This will probably create problems for China's already volatile housing market as a surplus of vacant homes could drive prices down further.
In its most recent study, the Chinese property think tank Bic Research Institute (BRI) warned that "China has no shortage of homes, sitting very empty, and such high vacancy is risky."
“A large potential supply is represented by vacant homes. When predictions for the housing market turn negative, a significant number of vacant homes will be put on the market, which could add to downward pressure on home prices. .

According to a BRI report published earlier this month, the average vacancy rate in mainland China is 12.1%. This is significantly higher than in the UK, where only 0.9% of homes are vacant, where the figure is 11.1%, and 9.8%, where it is in Australia.
According to a study conducted last year by Ren Zepping, a former economist at the Center for Development Research, that rate translates to about 50 million vacant apartments. There are about 400 million homes on mainland China, according to official figures on the number of homes built since their estimate in 2020.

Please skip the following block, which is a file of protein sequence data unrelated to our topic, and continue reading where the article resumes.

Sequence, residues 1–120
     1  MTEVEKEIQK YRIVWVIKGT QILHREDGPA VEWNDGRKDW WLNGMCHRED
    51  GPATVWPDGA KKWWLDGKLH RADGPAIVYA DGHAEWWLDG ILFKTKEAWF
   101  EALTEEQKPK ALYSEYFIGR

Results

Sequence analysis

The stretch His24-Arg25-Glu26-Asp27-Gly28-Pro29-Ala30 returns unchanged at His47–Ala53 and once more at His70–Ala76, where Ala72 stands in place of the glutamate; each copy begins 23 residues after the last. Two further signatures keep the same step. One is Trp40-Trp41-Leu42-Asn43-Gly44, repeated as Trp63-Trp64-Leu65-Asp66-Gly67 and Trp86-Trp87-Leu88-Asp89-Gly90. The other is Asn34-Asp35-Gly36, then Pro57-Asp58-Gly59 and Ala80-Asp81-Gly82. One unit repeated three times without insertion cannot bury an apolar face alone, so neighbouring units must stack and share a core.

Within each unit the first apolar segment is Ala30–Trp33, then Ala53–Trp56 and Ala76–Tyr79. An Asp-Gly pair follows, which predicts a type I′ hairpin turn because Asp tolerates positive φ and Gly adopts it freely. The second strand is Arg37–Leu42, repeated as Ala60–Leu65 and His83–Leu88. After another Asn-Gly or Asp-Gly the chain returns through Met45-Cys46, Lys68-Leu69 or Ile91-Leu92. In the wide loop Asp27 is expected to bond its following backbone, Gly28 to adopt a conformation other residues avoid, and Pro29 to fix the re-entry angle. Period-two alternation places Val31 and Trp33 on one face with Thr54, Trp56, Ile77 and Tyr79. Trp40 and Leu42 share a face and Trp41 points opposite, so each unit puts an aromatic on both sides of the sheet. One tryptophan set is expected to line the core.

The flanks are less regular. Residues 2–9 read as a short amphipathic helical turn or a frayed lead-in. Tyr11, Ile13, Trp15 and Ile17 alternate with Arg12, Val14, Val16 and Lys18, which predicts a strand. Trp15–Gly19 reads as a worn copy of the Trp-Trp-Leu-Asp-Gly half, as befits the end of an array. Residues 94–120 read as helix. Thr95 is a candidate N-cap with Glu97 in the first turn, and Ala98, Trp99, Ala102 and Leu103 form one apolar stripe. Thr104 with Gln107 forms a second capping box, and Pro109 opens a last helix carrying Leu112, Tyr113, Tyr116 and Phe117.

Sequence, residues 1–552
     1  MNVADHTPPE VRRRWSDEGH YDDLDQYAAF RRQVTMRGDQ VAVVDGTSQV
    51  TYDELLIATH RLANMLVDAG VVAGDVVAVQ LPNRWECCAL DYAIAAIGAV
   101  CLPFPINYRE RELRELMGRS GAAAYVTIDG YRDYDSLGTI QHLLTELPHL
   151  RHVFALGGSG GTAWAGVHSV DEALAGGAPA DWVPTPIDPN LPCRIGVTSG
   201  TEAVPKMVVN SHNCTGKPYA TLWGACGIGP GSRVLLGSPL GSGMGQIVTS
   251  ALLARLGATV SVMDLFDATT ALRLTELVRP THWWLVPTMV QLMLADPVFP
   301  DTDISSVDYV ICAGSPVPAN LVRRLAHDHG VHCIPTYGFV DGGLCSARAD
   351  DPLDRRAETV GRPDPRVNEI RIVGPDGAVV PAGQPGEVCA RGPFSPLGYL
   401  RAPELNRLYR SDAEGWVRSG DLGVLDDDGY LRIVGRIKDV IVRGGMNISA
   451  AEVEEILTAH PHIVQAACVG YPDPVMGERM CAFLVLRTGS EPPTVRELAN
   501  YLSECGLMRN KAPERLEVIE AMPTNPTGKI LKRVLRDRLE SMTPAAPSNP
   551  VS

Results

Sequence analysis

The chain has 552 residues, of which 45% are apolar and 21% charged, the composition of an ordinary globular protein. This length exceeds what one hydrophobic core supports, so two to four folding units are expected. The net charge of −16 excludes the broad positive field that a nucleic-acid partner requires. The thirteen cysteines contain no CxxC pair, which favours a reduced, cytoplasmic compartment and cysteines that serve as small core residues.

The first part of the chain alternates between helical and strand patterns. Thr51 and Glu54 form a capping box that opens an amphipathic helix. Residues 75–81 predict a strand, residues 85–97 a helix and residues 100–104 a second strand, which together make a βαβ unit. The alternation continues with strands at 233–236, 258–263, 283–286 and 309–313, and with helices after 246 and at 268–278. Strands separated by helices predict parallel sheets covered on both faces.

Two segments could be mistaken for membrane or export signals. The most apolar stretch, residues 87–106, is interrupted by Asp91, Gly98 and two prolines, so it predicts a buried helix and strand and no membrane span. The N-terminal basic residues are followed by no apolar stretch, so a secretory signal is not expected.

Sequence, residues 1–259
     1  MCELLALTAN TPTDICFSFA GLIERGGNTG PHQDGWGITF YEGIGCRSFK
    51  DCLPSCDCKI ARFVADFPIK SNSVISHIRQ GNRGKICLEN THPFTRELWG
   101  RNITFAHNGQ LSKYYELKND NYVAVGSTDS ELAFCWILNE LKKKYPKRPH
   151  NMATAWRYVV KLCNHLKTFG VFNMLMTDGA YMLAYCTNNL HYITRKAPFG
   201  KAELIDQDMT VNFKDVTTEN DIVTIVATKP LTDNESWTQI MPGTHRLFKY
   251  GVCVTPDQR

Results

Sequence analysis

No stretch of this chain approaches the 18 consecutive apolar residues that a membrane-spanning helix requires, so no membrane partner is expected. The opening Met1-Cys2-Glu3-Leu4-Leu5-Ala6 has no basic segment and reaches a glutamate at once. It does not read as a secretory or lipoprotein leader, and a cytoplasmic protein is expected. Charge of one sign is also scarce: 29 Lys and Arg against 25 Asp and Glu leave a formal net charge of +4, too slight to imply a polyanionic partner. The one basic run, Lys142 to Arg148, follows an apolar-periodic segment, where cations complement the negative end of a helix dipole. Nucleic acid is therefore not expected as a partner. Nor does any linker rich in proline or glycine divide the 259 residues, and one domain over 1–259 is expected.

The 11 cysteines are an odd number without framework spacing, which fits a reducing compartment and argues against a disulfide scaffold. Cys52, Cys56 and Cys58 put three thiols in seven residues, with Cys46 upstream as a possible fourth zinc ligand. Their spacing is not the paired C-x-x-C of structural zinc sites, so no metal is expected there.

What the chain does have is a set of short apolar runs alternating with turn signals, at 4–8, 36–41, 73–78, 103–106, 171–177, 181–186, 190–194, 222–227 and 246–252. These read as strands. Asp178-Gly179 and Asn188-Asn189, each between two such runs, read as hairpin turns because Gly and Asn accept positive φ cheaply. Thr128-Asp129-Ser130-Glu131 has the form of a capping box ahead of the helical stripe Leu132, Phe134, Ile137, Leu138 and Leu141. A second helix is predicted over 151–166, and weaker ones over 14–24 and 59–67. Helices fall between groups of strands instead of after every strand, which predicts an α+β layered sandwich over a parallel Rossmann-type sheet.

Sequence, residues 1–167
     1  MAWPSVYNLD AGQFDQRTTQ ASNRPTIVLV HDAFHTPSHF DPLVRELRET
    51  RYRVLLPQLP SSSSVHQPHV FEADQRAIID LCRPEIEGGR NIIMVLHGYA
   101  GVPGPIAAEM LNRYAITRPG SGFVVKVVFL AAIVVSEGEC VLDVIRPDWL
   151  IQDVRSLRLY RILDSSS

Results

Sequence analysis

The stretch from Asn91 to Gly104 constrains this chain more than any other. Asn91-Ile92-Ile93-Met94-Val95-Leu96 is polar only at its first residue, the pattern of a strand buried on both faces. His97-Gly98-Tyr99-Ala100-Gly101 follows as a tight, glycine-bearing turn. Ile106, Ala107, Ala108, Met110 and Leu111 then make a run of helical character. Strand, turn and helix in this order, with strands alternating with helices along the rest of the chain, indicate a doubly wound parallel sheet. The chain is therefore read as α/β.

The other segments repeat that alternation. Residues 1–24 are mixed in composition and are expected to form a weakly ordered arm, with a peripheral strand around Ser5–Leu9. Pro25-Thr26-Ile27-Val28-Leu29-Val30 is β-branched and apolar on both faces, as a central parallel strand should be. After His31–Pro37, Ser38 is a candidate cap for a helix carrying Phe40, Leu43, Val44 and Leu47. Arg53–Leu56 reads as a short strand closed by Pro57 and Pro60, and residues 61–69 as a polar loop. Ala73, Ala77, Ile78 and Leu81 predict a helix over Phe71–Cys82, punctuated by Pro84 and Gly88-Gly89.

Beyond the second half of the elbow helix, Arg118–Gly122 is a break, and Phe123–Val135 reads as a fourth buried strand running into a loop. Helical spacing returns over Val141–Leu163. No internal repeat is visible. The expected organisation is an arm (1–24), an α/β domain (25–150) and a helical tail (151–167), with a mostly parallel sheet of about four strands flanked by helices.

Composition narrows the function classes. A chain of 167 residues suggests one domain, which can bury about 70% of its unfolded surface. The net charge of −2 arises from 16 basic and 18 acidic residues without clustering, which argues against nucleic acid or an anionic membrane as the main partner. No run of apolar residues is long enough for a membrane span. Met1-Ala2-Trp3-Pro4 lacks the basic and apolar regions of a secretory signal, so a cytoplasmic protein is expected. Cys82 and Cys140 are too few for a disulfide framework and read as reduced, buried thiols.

This staggering figure is almost 16 times the total number of homes in Hong Kong, which includes both occupied and vacant homes.
Capital Economics, a London-based research and consulting company, will place this figure even higher. About 30 million homes on the Chinese mainland were considered unsold as of the previous year, and an additional 100 million homes may have been bought but never occupied.
For Liu and people like him, this is all bad news. As the boom period of the housing market comes to an end, homeowners across China may find it difficult to find tenants for their vacant homes.